SAO PAULO (Reuters) - Japan's SoftBank Group Corp 9984.T is in talks with venture capital firms in Latin America to invest hundreds of millions of dollars in their funds, a move likely to speed up spending of a $5 billion regional venture capital fund, three sources with knowledge of the matter said.
So far, SoftBank has only announced direct investments using the fund’s resources, injecting capital into Colombian delivery app Rappi, Brazilian lender Creditas, gym membership app Gympass and Mexican payments firm Clip, for instance.
However, SoftBank’s Latin America fund also plans to invest in venture capital funds as a way to further foster innovation in the region, the sources said on condition of anonymity. The strategy will position SoftBank closer to startups that may eventually grow big enough to receive the group’s direct investments.
SoftBank executives told fund managers it intends to deploy roughly $500 million in five to 10 funds, one source said.
At least two venture capital investors have already received SoftBank resources: Brazilian firm Valor Capital and Argentina’s Kaszek Ventures, which recently announced it had raised $600 million in fresh capital and has invested in 70 Latin American startups.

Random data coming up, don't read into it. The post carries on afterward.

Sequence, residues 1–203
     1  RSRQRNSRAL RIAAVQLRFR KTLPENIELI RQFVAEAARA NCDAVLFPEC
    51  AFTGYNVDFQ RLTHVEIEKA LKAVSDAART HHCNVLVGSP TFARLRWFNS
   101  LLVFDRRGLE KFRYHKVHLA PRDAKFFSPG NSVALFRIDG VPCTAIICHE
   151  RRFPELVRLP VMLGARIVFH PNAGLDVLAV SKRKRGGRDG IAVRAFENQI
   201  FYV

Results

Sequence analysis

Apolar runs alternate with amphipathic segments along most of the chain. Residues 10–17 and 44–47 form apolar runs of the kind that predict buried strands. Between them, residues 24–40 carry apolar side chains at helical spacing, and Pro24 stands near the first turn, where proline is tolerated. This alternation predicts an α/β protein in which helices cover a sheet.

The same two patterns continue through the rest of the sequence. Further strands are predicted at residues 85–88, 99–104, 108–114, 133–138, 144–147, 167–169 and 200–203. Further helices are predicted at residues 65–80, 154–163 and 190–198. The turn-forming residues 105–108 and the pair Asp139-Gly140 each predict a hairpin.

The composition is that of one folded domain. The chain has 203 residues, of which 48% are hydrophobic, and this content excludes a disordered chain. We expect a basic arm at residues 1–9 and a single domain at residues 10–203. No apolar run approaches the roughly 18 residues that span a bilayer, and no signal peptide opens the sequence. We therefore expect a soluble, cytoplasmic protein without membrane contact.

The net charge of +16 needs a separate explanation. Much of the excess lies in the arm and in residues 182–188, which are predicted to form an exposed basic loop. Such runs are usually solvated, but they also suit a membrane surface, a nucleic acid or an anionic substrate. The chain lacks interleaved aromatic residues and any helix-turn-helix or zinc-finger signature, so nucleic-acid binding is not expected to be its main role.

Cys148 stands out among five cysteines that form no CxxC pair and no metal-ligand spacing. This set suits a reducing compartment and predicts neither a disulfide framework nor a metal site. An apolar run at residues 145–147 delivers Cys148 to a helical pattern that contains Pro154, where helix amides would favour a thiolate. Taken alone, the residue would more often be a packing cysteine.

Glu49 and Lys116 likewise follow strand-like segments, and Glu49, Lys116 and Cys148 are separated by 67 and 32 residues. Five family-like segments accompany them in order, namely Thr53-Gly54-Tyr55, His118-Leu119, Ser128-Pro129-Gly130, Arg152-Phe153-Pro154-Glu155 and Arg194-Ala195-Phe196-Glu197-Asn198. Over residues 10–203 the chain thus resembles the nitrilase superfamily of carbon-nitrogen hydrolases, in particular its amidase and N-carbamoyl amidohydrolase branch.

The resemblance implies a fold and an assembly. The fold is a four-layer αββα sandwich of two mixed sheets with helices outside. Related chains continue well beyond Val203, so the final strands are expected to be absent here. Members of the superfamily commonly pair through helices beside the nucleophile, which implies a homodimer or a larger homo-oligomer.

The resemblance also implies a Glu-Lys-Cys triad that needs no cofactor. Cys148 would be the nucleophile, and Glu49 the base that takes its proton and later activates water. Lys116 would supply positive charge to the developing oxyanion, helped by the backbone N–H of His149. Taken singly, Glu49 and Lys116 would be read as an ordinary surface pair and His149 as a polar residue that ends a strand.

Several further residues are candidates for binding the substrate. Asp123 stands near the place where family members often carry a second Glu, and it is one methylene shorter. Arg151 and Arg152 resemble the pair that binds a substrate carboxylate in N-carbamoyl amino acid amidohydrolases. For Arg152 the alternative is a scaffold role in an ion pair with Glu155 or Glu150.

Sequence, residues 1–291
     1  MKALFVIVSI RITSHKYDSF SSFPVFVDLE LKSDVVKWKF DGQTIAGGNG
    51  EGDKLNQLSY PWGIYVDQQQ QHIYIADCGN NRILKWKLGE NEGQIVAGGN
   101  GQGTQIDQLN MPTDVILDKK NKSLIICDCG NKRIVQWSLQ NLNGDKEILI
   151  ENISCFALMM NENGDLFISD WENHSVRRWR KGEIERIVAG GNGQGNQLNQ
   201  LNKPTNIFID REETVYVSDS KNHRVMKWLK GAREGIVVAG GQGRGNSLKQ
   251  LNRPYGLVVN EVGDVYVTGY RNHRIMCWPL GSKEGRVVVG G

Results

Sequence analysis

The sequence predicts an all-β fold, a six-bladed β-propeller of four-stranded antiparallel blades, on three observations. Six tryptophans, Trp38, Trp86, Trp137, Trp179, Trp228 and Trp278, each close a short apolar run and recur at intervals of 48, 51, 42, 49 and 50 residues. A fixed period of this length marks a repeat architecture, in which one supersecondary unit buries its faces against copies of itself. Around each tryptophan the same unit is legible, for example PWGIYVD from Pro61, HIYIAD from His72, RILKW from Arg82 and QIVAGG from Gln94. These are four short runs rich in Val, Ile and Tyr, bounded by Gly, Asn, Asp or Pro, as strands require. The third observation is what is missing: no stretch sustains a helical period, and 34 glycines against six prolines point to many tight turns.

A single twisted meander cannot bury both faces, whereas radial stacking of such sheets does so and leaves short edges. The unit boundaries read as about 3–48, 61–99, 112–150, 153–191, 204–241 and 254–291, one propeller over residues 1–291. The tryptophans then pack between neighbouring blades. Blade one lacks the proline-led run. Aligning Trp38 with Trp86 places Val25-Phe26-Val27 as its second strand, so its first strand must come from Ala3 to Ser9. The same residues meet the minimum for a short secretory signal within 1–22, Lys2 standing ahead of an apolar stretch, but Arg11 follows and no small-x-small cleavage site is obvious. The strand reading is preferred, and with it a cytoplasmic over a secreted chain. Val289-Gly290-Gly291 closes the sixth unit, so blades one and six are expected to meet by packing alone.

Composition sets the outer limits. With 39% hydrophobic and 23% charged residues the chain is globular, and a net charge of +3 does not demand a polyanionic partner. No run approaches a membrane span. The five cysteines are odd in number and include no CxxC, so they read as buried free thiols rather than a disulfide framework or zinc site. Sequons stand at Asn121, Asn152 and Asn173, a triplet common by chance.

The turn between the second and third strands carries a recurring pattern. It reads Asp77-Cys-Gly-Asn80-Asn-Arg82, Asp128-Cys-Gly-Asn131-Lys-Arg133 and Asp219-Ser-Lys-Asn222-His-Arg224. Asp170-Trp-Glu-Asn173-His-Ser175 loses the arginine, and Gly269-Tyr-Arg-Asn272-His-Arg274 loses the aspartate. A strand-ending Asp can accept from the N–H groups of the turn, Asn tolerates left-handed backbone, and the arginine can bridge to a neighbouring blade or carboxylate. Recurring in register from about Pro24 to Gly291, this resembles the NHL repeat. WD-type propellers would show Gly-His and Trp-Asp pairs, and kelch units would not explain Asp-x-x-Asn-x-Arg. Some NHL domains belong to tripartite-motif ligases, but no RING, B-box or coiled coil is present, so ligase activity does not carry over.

Kaszek and Valor, which is still raising money for a new fund, declined to comment on the matter.
SoftBank is still in talks with other asset managers to invest in their funds. One of them is Atlantico, a five-month-old venture capital firm founded by Julio Vasconcellos, a co-founder of Canary, a Brazil-focused investment firm with stakes in 44 startups.
Vasconcellos did not immediately respond to a Reuters request for comment on the matter.
SoftBank has also reached out to Monashees, a Brazilian venture capital firm that was one of the early investors in 99, a taxi app acquired by China’s Didi Chuxing for around $1 billion, as well as bike rental app Yellow, fintech Neon and logistics firm Loggi.
However, Monashees did not reach an agreement to receive SoftBank funding, according to one of the sources.
Monashees declined to comment on the matter.
Reporting by Carolina Mandl and Tatiana Bautzer; Editing by Paul Simao
Our Standards: The Thomson Reuters Trust Principles.